The Omega Contingency


by Nicholas Carter

"General, this is the global effect of the virus 12 hours from now. In 36 hours. And in 72 hours." 

General Alfred Smilek and an underground bunker full of soldiers watched the map bloom red. 

"I see that the thing spreads fast, Patterson. What I don't see is why it's so awful. I mean, the virus 

just makes the babies smart, right? Geniuses, you said?" 

"Not just geniuses, General. Evil Geniuses," Patterson said.

"Evil Genius Babies?"

"Sir, the first case was reported just shy of eight hours ago, and our intel is already reporting plans 

of a death ray, and a diamond-tipped MegaDrill capable of tapping the Earth's core. The babies are 

using their superior intellect to influence menial laborers to carry out the physical tasks that their 

tiny baby bodies can't perform."

"But it's just babies that can be infected right? There's a lot more big people, I mean, adults than babies, yes?"

"Sir, 245 babies are born every minute. 200,000 every day. Every one of them will be infected. 

Every one of them will be smarter than Einstein. And every one of them will be hell bent on 

destroying the world."

"Sweet Christ." 

Among the bank of monitors, General Smilek saw a CNN feed. A tiny baby was piloting a 

giant robot suit, laying waste to Hokido. On MSNBC, a toddler had hijacked a high-speed 

train and was demanding a $1,000,000,000 ransom. 

General Smilek thought of his son. Edward. His tiny hands reaching for the barnyard mobile 

above his crib. The General thought of the pride he felt when, in his arms, his son's cries finally 

gave way to sleep. He remembered just that morning, when he caught his son scattering classified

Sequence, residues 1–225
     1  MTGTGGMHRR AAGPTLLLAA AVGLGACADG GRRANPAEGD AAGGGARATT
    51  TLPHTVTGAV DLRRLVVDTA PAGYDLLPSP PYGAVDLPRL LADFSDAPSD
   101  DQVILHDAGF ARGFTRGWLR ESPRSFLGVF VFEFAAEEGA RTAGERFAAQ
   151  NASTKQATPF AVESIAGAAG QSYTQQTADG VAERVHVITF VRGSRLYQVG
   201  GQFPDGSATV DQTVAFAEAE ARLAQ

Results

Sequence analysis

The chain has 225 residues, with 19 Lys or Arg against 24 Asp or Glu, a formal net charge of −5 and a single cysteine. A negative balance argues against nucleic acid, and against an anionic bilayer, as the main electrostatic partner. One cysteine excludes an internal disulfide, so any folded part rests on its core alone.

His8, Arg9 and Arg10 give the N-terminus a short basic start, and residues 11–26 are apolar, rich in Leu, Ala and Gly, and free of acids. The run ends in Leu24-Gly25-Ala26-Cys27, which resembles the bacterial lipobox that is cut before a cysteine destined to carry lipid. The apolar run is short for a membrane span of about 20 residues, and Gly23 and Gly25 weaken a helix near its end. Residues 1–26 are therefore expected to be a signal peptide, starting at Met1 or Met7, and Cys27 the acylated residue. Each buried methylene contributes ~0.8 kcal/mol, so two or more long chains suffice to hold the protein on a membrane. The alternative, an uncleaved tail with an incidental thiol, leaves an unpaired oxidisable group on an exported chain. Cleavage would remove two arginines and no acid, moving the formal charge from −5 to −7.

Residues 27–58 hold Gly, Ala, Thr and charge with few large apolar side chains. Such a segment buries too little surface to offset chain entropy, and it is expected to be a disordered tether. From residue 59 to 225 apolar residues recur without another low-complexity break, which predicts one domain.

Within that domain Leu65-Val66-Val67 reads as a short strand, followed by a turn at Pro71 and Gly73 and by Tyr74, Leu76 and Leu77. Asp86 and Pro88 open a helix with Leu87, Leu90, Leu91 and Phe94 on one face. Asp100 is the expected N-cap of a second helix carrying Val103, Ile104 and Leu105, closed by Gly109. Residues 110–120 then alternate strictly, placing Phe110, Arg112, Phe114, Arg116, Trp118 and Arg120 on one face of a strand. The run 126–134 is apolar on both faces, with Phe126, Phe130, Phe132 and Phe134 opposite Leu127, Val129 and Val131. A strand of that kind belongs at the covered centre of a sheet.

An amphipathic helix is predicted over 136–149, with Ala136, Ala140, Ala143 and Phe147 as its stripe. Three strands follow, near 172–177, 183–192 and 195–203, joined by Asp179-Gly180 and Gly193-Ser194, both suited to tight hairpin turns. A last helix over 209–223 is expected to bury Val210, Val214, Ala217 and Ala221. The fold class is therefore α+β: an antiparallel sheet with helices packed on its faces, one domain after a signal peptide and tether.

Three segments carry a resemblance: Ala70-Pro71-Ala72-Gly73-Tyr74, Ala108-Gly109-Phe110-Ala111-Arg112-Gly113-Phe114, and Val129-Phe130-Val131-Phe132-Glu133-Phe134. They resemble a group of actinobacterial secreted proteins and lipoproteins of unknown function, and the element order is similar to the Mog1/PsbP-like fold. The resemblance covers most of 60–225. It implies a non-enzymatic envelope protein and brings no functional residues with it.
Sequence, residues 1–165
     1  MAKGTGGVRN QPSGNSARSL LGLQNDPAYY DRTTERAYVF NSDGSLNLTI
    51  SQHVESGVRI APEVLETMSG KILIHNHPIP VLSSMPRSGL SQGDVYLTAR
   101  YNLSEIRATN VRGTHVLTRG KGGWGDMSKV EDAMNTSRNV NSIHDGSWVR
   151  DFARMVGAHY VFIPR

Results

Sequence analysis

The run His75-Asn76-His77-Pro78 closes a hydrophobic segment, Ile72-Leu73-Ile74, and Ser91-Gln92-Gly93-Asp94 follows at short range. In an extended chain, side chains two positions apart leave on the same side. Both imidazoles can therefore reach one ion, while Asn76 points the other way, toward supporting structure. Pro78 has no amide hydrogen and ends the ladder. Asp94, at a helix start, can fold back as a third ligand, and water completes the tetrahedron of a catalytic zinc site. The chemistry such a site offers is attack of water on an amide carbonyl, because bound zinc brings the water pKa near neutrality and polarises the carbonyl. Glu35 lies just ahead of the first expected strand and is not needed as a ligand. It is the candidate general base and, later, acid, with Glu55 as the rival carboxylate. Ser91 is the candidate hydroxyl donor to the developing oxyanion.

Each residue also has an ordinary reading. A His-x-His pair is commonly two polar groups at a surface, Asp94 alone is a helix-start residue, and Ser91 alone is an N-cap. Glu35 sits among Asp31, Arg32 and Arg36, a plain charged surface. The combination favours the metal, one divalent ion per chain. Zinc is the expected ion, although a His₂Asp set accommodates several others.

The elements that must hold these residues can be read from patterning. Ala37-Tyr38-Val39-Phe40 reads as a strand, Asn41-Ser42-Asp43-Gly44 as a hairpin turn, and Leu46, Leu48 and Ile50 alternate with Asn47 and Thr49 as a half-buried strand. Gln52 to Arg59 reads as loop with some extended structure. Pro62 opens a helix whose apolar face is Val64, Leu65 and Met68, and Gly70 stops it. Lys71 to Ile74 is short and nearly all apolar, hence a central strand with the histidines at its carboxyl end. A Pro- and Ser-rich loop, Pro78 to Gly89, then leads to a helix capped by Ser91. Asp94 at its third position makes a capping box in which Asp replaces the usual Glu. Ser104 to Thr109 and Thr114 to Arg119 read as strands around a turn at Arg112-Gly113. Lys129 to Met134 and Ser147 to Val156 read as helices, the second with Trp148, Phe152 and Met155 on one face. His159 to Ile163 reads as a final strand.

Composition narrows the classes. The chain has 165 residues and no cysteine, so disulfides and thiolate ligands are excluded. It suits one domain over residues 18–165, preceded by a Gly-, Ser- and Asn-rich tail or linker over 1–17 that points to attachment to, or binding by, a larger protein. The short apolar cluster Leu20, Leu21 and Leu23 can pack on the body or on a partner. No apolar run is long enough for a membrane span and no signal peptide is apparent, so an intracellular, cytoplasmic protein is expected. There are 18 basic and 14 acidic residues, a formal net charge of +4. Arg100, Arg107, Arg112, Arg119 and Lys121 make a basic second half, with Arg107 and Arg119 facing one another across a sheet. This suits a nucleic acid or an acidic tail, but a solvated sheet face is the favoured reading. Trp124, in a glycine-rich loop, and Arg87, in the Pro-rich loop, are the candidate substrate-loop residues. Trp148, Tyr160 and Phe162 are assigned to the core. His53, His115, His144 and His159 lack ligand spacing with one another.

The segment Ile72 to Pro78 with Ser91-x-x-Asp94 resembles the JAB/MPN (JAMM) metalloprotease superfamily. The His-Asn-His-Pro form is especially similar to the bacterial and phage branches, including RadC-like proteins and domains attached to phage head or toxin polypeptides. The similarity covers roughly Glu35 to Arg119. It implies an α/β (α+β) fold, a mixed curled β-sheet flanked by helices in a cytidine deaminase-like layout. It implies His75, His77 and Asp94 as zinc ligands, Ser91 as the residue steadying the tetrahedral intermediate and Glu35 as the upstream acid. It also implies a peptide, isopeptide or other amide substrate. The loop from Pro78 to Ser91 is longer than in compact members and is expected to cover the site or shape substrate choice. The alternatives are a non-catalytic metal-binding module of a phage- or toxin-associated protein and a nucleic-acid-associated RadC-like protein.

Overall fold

documents all over the floor of his office. What was that look in Edward's green eyes? 

Was it...was it fury?

"We need an order, General."

He glanced at the monitors again. Now, each news station had been pirated by a different Baby 

Evil Genius, or collective of Baby Evil Geniuses. They were demanding money, weapons, respect. 

He noted that they all had green eyes. The security cameras outside the bunker showed an approaching

 convoy of mini-vans kicking up a storm of desert dust. 

"Initiate the Omega Contingency," said General Alfred Smilek, husband, father.

Well-trained soldiers offer no outward glimpse of hesitation, regardless of the gravity of the order. The 

activation of the Omega Contingency required the simultaneous turning of four keys, held by the highest 

ranking officer in each of the armed services, as well as the recitation a series of codes. This was done.

"People, if you have loved ones to call, you have T-minus 12 minutes to do so." One of the soldiers 

dropped his phone. "I need to call my wife."

All around them, the machinations had begun: satellites aligned, underground reactors came alive. 

"Honey? It's Alfred. What are you up to? No, no. I don't need anything. I just wanted to tell you I love you."

In the final minute, the countdown lights threw the bunker into an intense red strobe. The soldiers ended 

their calls, hung up, and were quiet.

"No, I don't want to talk to Edward."

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